To compile with CGNS support, first remove the "-DNO_CGNS" options from the list of C++ compiler flags. If this flag does not appear, the conditional statement below will activate, and the paths to both the CGNS library and header file must be supplied in the "LIB_CGNS" and "INC_CGNS" variables, respectively. Again, it is assumed that the CGNS library was built and installed in /usr/local/lib/ under the name libcgns.a and that the header file, cgnslib.h can be found in usr/local/include/. If you have built the library elsewhere, simply adjust the two paths to match their location on your machine. Note that if you are not building with CGNS support, these paths are ignored completely.

Using and Converting CGNS Meshes

In order to use a CGNS mesh (assuming the CGNS library has been installed and SU2 successfully compiled), the user simply needs to specify the input mesh format to be "CGNS" in the configuration file for their simulation. The configuration file option is "MESH_FORMAT=" and appears as:

Furthermore, a CGNS mesh can be converted to the .su2 format by setting the "CONVERT_TO_SU2=" flag to "YES" and supplying a new filename for the converted mesh in the "NEW_SU2_FILENAME=" option. These options might appear as follows in the configuration file:

It is important to note that SU2 will not use any specific boundary conditions which are set in the meshing software package before exporting the CGNS mesh. However, it will use the names given to each boundary as the marker tags. These marker tags are used to set the boundary conditions in the configuration file. Therefore, it is recommended that the user give names to each boundary in their mesh generation package before exporting to CGNS. If you do not know the number of markers or their tags within a CGNS file, you can simply attempt a simulation in SU2_CFD (leaving out the boundary information in the configuration file at first), and during the preprocessing stage, SU2 will read and print the names of all boundary markers to the console along with other grid information before throwing an error for incomplete boundary definitions. The user can then incorporate these marker tags into the configuration file with the appropriate boundary conditions.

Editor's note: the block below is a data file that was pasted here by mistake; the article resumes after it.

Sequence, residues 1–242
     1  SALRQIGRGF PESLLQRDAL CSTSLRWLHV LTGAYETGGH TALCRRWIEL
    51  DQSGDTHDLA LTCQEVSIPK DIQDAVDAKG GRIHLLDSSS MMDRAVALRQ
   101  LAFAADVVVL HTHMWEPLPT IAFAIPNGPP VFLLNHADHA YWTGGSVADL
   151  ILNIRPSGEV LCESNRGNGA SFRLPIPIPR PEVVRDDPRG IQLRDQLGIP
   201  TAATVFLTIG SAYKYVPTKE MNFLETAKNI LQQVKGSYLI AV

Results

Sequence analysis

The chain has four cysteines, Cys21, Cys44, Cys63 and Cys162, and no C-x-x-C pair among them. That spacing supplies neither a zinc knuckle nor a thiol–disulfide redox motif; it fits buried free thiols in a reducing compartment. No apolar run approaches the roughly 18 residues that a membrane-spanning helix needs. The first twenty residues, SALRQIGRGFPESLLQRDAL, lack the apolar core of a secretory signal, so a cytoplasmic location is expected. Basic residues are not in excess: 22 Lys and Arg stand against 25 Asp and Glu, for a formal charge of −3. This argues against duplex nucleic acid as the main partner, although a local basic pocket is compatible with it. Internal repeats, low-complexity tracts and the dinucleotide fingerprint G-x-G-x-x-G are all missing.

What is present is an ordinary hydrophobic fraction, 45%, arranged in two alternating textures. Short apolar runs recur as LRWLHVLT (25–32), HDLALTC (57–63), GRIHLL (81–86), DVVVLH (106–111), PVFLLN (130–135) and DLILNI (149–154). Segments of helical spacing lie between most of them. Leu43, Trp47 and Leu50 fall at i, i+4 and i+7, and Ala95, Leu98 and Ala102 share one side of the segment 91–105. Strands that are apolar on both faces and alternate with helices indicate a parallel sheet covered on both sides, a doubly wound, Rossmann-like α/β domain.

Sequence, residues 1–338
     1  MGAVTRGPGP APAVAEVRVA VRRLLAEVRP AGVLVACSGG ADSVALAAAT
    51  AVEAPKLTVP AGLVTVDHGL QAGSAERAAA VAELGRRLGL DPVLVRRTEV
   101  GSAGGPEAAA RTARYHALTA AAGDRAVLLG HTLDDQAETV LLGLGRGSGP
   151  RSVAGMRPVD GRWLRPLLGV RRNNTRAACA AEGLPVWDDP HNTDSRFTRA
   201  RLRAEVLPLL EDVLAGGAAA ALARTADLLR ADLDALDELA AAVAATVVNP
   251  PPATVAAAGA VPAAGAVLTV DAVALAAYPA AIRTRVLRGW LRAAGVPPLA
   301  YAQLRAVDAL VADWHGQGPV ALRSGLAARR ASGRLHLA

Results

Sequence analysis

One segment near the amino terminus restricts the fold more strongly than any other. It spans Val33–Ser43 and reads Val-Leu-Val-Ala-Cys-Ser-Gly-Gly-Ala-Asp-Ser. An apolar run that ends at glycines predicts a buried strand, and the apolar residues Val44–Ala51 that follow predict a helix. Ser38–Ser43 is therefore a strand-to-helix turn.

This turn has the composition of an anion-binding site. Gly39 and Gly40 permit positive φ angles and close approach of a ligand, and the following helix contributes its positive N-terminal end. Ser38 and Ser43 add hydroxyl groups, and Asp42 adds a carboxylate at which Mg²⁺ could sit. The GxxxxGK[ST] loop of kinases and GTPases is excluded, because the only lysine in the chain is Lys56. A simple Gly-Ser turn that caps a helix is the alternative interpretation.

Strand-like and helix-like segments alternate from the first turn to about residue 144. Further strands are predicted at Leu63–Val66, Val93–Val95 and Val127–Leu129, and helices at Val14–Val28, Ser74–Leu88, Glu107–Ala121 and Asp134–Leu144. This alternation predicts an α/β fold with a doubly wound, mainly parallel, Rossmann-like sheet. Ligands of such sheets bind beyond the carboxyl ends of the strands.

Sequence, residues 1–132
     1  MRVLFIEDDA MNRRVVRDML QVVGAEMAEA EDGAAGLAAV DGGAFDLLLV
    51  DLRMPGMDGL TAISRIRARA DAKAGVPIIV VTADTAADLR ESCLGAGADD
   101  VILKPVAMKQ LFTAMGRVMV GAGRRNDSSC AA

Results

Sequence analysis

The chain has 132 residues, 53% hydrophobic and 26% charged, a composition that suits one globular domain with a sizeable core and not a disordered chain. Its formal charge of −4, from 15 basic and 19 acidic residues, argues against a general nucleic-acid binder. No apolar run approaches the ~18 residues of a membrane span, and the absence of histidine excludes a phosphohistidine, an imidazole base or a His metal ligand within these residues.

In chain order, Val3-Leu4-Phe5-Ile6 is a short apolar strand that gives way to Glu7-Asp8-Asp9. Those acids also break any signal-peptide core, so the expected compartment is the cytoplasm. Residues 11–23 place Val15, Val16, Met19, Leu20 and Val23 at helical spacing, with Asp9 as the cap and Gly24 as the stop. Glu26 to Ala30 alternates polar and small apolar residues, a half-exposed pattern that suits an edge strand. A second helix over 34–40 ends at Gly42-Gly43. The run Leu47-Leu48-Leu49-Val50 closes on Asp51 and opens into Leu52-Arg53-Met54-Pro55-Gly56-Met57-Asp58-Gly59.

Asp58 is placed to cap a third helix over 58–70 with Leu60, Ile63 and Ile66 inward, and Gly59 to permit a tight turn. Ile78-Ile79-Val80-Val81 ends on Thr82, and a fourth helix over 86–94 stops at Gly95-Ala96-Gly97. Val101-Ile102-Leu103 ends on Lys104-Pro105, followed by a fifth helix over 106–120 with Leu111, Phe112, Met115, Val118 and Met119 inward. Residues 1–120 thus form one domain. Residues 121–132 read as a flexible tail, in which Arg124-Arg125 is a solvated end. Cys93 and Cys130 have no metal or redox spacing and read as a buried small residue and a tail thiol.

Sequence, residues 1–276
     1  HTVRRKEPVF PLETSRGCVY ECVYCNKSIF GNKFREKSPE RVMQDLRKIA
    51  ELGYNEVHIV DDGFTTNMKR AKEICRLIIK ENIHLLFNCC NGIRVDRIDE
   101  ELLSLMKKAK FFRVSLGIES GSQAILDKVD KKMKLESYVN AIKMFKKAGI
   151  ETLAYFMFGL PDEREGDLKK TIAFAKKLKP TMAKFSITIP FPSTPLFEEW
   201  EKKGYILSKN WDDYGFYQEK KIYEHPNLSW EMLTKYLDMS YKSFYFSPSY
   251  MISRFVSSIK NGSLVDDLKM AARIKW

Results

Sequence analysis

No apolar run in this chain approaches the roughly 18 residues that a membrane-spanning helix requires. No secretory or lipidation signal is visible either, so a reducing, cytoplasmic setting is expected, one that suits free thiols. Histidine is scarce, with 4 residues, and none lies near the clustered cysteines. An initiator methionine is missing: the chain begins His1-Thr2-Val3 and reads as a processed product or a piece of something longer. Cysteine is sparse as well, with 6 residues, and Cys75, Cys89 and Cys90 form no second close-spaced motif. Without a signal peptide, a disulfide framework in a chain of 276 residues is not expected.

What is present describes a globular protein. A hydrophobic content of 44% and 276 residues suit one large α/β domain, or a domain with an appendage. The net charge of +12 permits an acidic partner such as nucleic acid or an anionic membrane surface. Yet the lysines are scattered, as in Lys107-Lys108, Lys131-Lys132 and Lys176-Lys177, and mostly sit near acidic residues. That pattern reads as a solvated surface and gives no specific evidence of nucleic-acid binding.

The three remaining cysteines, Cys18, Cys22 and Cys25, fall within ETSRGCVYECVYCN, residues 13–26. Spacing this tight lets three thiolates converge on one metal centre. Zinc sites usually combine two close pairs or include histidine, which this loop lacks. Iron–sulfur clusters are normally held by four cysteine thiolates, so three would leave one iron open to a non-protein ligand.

Native Format (.su2)

In keeping with the open source nature of the project, SU2 relies mostly on its own native mesh format. The format is meant to be simple and readable. A description of the mesh and some examples are below.

Description

The SU2 mesh format carries an extension of .su2, and the files are in a readable ASCII format. As an unstructured code, SU2 requires information about both the node locations as well as their connectivity. The connectivity description provides information about the types of elements (triangle, rectangle, tetrahedron, hexahedral, etc.) that make up the volumes in the mesh and also which nodes make up each of those elements. Lastly, the boundaries of the mesh, or markers, are given names, or tags, and their connectivity is specified in a similar manner as the interior nodes.

Specification